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Visitor economy customer outcomes

Customer Outcome 3: Making transport the attraction

Transport not only gets visitors to destinations, but can also be an attraction in itself.

Visitors consider riding a ferry or bicycle as some of the top activities to do while in NSW to experience the place they are travelling in. There are opportunities to use technology to create interactive experiences that highlight and provide information about destinations along transport routes.


Creating places with our transport assets

The NSW Transport cluster of agencies holds many assets that have potential to improve the visitor destination experience and better support the visitor economy.

Interchange upgrades across the state are providing better experiences for public transport customers by delivering accessible, modern, secure and integrated transport infrastructure.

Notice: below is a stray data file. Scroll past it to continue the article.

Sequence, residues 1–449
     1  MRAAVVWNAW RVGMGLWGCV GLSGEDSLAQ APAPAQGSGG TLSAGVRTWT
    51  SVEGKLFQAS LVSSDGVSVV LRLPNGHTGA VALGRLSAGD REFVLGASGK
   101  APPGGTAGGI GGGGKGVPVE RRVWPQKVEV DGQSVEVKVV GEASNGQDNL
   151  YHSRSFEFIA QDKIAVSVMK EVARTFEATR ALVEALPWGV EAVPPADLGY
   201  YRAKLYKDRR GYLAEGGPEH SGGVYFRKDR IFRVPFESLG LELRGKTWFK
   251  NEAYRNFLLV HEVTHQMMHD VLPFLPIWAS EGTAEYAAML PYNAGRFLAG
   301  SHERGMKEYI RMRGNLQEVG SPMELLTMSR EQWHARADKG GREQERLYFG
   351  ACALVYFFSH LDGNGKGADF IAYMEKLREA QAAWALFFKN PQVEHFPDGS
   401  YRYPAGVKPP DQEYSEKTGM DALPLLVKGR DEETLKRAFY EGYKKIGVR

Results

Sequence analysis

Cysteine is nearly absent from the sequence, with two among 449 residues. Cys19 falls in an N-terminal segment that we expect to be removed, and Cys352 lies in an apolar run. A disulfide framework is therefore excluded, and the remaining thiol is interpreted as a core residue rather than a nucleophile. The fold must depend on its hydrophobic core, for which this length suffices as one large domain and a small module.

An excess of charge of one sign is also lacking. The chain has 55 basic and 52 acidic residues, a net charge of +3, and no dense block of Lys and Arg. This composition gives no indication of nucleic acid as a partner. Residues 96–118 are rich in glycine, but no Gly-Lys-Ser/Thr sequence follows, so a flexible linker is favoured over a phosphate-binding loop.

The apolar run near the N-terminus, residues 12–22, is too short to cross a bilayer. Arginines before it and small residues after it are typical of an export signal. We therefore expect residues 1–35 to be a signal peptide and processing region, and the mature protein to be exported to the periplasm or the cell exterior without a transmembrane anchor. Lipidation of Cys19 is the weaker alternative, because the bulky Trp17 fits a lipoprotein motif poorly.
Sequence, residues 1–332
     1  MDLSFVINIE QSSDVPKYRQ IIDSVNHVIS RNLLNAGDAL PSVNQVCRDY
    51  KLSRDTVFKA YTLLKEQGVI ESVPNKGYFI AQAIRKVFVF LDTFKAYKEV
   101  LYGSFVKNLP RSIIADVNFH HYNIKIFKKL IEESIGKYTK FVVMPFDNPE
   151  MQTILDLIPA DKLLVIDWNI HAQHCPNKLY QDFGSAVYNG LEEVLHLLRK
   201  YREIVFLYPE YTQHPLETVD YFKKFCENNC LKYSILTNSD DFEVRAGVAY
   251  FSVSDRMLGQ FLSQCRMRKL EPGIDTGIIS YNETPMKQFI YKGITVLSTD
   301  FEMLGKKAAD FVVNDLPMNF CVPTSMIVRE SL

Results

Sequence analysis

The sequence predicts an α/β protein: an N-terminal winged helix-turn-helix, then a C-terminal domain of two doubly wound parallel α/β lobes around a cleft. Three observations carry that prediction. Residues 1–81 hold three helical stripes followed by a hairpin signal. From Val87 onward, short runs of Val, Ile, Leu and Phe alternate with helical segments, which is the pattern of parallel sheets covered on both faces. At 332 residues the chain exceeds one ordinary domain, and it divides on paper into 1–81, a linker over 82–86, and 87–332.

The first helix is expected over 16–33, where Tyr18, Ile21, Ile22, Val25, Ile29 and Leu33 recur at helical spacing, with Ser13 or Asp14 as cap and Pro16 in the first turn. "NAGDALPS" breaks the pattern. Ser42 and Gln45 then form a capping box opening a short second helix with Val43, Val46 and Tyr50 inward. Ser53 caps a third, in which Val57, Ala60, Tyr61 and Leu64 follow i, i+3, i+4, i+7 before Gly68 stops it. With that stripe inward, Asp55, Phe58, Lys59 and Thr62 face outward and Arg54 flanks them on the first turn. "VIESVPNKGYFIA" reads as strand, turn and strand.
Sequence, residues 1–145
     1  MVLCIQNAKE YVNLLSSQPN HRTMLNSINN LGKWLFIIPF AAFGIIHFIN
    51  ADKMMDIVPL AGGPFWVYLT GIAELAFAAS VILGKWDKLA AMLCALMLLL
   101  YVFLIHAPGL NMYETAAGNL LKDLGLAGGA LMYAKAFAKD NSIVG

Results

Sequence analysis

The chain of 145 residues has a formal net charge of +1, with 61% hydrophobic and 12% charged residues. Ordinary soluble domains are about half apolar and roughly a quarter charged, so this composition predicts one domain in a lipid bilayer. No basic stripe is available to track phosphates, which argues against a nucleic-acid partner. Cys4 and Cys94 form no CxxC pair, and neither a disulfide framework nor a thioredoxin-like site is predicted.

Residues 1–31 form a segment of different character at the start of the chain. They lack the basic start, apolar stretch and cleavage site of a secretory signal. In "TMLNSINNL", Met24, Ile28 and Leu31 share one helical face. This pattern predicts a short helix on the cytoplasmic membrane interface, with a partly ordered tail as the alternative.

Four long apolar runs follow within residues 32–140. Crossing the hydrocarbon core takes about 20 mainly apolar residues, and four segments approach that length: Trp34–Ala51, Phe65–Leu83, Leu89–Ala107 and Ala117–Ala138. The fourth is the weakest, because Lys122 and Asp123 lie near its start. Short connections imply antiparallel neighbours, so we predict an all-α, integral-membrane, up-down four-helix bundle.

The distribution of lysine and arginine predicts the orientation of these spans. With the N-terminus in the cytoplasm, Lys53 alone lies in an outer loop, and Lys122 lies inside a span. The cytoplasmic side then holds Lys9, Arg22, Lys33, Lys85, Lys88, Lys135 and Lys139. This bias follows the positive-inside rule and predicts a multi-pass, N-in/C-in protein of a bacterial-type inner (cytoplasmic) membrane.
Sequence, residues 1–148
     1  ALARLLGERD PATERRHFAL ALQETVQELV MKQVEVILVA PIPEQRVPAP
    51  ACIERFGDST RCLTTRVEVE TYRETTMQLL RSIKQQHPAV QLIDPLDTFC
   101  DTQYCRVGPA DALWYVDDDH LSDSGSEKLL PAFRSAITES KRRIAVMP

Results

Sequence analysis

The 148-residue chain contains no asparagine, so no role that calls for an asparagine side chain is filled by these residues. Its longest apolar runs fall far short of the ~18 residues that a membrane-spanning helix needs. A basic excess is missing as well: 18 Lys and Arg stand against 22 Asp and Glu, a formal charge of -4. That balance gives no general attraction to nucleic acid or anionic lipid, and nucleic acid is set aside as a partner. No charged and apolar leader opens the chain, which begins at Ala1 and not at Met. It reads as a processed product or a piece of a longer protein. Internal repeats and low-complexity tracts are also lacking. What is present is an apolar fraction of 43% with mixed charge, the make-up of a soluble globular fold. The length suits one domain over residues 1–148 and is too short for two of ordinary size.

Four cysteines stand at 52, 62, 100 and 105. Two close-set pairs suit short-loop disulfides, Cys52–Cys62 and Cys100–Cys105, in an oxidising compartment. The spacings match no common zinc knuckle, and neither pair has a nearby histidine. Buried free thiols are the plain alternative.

Transport for NSW is also unlocking underutilised assets for use by the Tourism sector. Ferry wharves in Sydney Harbour are now open to tourism operators and investigations are underway to open up other assets across the transport network.

Recent public transport interchange upgrades have incorporated public art into the design. For example, the WynScreen artistic innovation delivered as a part of the Wynyard Walk project which has created a new artistic destination in the heart of Sydney.


Creating places with our transport assets

  0-10 years committed 0-10 years for investigation
More than 20 interchanges currently being upgraded across NSW -  
Sharing ferry wharves in Sydney Harbour with tourism operators -  
NSW Boating Now – recreational boating infrastructure delivery program -  
Re-purpose regional train stations and rail assets that are not being used for transport in ways that contribute to great places (e.g. for heritage/food and coffee/arts, screen and cultural facilities/entertainment tourism/rail trails)   -
New regional coach terminal at Central Station   -
Improvements to key visitor attractor interchanges like Overseas Passenger Terminal and regional hub interchanges   -
Investigate embedding public art into the design of future transport assets and upgrades   -

Central Station